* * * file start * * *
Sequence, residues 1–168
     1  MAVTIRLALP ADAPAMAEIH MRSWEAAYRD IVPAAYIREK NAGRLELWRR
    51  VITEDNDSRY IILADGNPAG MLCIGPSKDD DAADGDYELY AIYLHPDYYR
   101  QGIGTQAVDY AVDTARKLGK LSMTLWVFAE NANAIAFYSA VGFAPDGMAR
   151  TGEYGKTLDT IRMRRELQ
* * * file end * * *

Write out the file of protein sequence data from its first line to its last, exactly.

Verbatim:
Sequence, residues 1–168
     1  MAVTIRLALP ADAPAMAEIH MRSWEAAYRD IVPAAYIREK NAGRLELWRR
    51  VITEDNDSRY IILADGNPAG MLCIGPSKDD DAADGDYELY AIYLHPDYYR
   101  QGIGTQAVDY AVDTARKLGK LSMTLWVFAE NANAIAFYSA VGFAPDGMAR
   151  TGEYGKTLDT IRMRRELQ